Andrew Hessel is always fun to talk to. He looks and talks like a mad scientist. He’s the closest person you’ll meet to a comic book super villain. He’s tall and lean and has a habit of laughing nervously mid-sentence. Andrew is a synthetic biologist that talks about using viruses to infect people with genetic modifications. Before you light up the Bat Signal or call for Spiderman, I should also tell you that Andrew is also on a mission to cure cancer, and he’s doing it for free. He’s a co-founder of Pink Army Cooperative, a group of cancer fighters who pioneer open-source cancer treatments. He’s basically curing cancer for free.
(He’s not such a bad guy, but when you meet him, he really does make you think of a super villain. I’m just saying.)
I called Andrew to talk about the future of pets.
“It makes financial sense to start engineering our pets,” Andrew said. “Sometimes people spend as much on their pets as they do on their children. Not to mention the entire breeding culture of dogs especially strives for pure breeds. What better way to make a pure breed then to engineer it?!”
Is That Your Cat... or a Hackable Computer?
Think of the genome of your pet as computer code. When we sequence the genes of our pets, we get back a massive block of code that correlates to the look of your cat as well as its behavior. Gene markers inside that big block of code show us exactly what part of the code correlates directly to a specific trait in the kitty.
As we begin to sequence the genome of our pets, the first thing we will get is healthier animals. We can make sure they don’t have any of those nasty pure breed side effects that we see every now and again.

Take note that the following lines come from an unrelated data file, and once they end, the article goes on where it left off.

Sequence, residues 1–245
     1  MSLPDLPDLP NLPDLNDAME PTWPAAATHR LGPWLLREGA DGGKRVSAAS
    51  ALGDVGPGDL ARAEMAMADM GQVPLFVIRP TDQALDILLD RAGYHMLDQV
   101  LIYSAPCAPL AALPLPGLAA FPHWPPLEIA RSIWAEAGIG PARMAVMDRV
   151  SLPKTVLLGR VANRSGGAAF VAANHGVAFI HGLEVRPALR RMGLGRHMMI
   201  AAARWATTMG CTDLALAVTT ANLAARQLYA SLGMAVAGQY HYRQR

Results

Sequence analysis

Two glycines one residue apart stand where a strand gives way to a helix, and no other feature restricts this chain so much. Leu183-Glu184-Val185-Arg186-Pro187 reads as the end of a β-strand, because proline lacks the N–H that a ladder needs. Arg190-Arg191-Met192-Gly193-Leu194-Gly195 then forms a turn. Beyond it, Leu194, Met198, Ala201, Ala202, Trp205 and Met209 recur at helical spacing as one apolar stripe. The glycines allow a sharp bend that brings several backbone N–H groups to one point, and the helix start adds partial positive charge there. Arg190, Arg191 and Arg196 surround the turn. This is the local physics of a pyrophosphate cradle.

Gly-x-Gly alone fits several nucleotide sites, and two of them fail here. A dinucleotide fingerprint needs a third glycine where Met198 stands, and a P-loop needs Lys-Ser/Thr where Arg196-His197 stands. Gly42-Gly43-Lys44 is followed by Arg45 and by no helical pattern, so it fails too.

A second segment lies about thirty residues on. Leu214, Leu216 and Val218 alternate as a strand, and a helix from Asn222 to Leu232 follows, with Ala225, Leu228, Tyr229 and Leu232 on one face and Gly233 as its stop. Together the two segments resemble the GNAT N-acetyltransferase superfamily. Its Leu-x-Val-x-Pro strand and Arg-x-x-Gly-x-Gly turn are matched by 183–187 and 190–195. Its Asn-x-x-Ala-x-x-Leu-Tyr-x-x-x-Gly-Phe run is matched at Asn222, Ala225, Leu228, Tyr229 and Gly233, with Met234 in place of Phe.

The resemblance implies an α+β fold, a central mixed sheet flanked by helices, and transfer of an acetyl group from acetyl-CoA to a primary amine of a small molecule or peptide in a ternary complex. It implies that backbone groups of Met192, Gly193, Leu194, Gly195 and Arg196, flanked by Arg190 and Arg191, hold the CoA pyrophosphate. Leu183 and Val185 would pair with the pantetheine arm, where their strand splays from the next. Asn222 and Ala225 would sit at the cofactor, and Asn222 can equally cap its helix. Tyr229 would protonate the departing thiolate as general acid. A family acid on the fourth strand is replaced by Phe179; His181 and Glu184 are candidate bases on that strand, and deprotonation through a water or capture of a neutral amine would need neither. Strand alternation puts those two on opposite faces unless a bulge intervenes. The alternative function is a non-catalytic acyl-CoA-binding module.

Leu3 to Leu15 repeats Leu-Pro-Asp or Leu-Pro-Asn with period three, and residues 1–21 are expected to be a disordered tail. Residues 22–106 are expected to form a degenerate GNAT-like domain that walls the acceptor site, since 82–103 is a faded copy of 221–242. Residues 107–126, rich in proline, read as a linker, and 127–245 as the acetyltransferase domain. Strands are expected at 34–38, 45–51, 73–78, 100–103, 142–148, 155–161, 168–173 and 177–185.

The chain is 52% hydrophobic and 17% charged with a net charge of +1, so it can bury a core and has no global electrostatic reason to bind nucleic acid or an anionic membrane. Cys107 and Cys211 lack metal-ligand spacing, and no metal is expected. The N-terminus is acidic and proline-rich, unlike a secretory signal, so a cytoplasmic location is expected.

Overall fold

Andrew told me that there’s something else even more interesting. We can not only sequence our pet’s genome, but we can also sequence their micro biome; this is the genetic code for all the organisms living in and on the animal.
“Have you ever had a dog with really bad diarrhea?” Andrew asked with a giggle. “It’s really bad and really bad for the dog. But if we can sequence the poop, we can actually find out what’s wrong with the little fella. It will give us healthier pets.”
As we move into the future and the tools for gene sequencing and engineering become more powerful, our pets might even become the place we go for our own clinical trials. Genetically, our cats and dogs look a lot more like us than lab rats. Our pets could become a place for us to test out our own personalized medical treatments.
What if you didn’t have to trust what some large corporation says about a treatment? What if you didn’t have to endure the long wait for approval of a treatment you needed right away? Imagine using your own personal tool and exploring the effectiveness of your pets.
“The really fun stuff is the pet engineering,” Andrew said. He laughed again: “Once we understand the genomes from multiple animals we can take bit of code from one animal and mix it with another. We could take a gene from a jelly fish. It’s a green florescent protein and combine it with a kitty cat, so that its eyes glow green. It all starts in pets. It all should start in pets. But you can see how it easily leads to humans.”
Seeing the Future in Your Cat’s Eyes
We silly humans are not the only ones obsessed with cats. Earlier this year, when Google created a brain-like neural network made up of 16,000 computer processors for machine learning and set it loose on the internet, what did it look at? Cats! The massive new intelligence taught itself to recognize cats.
Maybe pets, like little Merlin! of Team Shelly Palmer, might be the harbingers for our future. If that’s true, we know one thing for sure: the future is going to be cute!
(This is the second part of Brian David Johnson's look into the future of pets. For see part one, click here.)
DISCLAIMER: I am Intel’s futurist. I am currently on sabbatical from Intel. My thoughts, observations and analyses are mine personally and I am not speaking on behalf of Intel.